Cage Training For The Silkie Show

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Fall poultry shows are coming up and hopefully, if you are planning on showing, you have selected your birds that you are bringing and are in the process of conditioning them.

Conditioning means that you have separated your selections from the rest of your flock and have made sure that the boys and the girls are not in the same pen.  Separate areas are important as rowdy boys can break or tear feathering on the females.

You should also be feeding them a diet that is high in protein to keep those feathers in tip top shape.  Showbird food or Feather Fixer are good choices.  I also add vitamins to the water or Roster Booster to improve the over all health and beauty of the bird.

About a month before the show you will want to start training your birds to be comfortable in a small wire cagesmall wire cage.  These are the type of cages you will find at a poultry show.  They are about 24 X 24 in size.  Place the cage on saw horses so that they are about table high.

This enclosed cage will be very different from what your silkie is used to out in the coop.  I would start with short time spans and then gradually increase how much time the bird spends in there.

You will need to teach your bird how to eat and drink inside of the cage.  A good waterer for silkies is the pop bottle waterer.  You buy the bottom where the birds drink from and then place a plastic pop bottle with water in it on top. They provide a spring to secure it on the side of the cage but I use small bungee cords and place something underneath the bottom to support it. I use an empty cat food can.  I like these because they are small and don’t take up much space in the cage and because the silkie is less likely to dunk their heads and get wet and messy.  You will want the judges to see a clean, dry bird.  It is a good idea to remove the waterer before judging starts to keep your bird looking perfect.

The food container hangs on the side.  I like to put food they really like in there while you are training them.  Treats such as mealworms, sunflower seeds and berries, or cracked corn will teach your bird how to eat from the little container.  They will begin to associate treats with time spent in the cage.

Learning to eat and drink from these different containers is very important.  Silkies who have not had their feathers trimmed around their eyes will have a hard time finding the food and water in the cage.  Use pink hair tape or blue painters tape to pin up the feathers in the crest which will allow the birds to see.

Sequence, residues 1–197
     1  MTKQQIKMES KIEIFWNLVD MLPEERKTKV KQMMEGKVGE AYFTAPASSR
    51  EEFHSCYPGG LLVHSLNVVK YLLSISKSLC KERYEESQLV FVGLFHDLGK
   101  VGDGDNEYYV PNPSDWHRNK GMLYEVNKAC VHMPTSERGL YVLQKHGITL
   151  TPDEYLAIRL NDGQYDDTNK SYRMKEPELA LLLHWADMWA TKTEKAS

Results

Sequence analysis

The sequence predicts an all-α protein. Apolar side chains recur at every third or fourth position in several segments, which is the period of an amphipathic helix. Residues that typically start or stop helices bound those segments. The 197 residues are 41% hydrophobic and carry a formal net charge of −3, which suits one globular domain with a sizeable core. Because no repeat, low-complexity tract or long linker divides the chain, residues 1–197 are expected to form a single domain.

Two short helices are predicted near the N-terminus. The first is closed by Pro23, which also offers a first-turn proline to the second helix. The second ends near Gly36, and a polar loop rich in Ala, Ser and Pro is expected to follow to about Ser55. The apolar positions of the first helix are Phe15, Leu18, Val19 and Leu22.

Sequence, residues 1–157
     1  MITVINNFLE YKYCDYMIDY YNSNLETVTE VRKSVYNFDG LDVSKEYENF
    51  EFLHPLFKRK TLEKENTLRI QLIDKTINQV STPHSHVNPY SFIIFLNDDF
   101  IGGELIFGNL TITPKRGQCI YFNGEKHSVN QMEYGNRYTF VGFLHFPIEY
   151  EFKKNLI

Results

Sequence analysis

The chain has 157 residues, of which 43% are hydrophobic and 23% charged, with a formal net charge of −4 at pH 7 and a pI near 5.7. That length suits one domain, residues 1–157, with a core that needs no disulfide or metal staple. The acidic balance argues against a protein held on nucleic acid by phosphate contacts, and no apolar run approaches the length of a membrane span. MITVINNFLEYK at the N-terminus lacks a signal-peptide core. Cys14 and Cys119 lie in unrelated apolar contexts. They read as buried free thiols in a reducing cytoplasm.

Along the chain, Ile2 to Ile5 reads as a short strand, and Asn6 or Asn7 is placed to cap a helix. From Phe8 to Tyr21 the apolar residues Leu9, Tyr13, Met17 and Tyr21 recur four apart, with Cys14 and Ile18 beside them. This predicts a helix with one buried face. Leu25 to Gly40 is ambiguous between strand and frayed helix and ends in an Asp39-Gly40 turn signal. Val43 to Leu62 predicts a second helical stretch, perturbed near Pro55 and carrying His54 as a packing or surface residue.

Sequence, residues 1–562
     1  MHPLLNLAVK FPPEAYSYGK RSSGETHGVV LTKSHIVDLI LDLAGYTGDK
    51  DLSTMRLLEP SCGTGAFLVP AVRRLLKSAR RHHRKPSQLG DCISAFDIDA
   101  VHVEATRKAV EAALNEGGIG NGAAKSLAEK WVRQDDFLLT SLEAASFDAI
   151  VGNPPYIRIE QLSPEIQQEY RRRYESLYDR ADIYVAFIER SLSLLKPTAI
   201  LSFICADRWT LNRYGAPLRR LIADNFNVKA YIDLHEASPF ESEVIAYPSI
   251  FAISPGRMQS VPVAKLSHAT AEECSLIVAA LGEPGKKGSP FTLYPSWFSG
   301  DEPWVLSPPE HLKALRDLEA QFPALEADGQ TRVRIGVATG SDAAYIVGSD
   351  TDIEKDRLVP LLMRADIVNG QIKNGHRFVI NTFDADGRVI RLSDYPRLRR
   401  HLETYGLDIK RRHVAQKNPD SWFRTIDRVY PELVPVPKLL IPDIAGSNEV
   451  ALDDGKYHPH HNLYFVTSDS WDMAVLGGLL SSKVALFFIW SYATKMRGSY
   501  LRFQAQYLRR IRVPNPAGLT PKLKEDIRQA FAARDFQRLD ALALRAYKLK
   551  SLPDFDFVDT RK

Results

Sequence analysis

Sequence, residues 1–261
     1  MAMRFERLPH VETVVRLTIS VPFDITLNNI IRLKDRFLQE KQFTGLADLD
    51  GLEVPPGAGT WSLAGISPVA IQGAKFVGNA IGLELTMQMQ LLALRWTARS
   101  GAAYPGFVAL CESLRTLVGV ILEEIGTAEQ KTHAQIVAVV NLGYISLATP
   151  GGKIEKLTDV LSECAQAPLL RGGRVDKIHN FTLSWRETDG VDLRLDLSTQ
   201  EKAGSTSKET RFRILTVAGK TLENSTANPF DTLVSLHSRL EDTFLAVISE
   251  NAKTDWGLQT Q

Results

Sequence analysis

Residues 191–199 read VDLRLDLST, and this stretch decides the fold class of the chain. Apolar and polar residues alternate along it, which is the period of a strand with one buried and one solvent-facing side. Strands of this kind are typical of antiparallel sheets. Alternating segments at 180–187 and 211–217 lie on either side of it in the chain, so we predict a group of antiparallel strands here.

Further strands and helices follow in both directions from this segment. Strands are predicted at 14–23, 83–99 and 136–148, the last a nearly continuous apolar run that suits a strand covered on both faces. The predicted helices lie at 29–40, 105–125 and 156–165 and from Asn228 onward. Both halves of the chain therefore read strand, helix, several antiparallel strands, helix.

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Place the feeders and waterers in the front of the cage.  This will get them used to being on that side of the cage where the judge will be.  A judge does not want to see a bird cowering in the back.  They should be up front where they are easy to see and judge.

The judge will have a little baton that he uses to get the bird to pose properly.  You should practice with a dowel or stick so that your silkie is used to seeing it in the cage and feeling it against its body.

Shows are very noisy places.  You may want to place a radio by your cage so that the bird gets used to loud noises while they are in the cage.  I have the radio tuned to the Oldies station that has lots of commercials.

Practice taking your bird in and out of the cage.  The judge will be taking the bird out head first and placing it in the cage head first. You should practice the same way.  Hold the bird with one hand under the keel one hand on top of the wings.  Birds will struggle if they are not used to being handled.  Judges would rather not work with struggling birds.  Spread the wings out and check all over the bird the same way a judge would.

Give the bird a treat while handling them so that they associate people holding them with treats. Treats include Chicken Crack, Happy Hen Treats, Grublies, and Mana Pro Garden Delights.  Roosters will especially need practice in handling.  Sit with them on your lap when you are watching tv and cuddle up with them.  You will enjoy it and so will they.

I write a weekly silkie blog at VJPPoultry.com where we have tips and tricks for raising outstanding silkies.  Check out Silkie Supplies for your basic silkie needs.

VJP Poultry is an NPIP and state inspected hatchery located 30 miles north of St. Paul.  We hatch out silkies all year long so we always have stock available.  Like us on Facebook to get weekly updates on what we currently have for sale.

Victoria Peterson

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